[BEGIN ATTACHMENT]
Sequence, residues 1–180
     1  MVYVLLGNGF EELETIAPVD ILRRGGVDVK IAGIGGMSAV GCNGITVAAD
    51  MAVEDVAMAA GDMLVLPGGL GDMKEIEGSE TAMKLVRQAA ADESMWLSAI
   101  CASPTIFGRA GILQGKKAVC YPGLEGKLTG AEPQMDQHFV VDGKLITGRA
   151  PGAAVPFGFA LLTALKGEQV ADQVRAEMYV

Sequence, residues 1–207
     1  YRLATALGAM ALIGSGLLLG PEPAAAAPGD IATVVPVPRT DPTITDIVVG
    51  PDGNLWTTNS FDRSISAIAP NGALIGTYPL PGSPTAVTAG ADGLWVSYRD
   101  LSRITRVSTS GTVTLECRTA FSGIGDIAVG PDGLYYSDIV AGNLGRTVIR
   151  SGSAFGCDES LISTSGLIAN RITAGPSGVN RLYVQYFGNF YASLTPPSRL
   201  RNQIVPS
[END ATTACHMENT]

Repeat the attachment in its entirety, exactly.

Sequence, residues 1–180
     1  MVYVLLGNGF EELETIAPVD ILRRGGVDVK IAGIGGMSAV GCNGITVAAD
    51  MAVEDVAMAA GDMLVLPGGL GDMKEIEGSE TAMKLVRQAA ADESMWLSAI
   101  CASPTIFGRA GILQGKKAVC YPGLEGKLTG AEPQMDQHFV VDGKLITGRA
   151  PGAAVPFGFA LLTALKGEQV ADQVRAEMYV

Sequence, residues 1–207
     1  YRLATALGAM ALIGSGLLLG PEPAAAAPGD IATVVPVPRT DPTITDIVVG
    51  PDGNLWTTNS FDRSISAIAP NGALIGTYPL PGSPTAVTAG ADGLWVSYRD
   101  LSRITRVSTS GTVTLECRTA FSGIGDIAVG PDGLYYSDIV AGNLGRTVIR
   151  SGSAFGCDES LISTSGLIAN RITAGPSGVN RLYVQYFGNF YASLTPPSRL
   201  RNQIVPS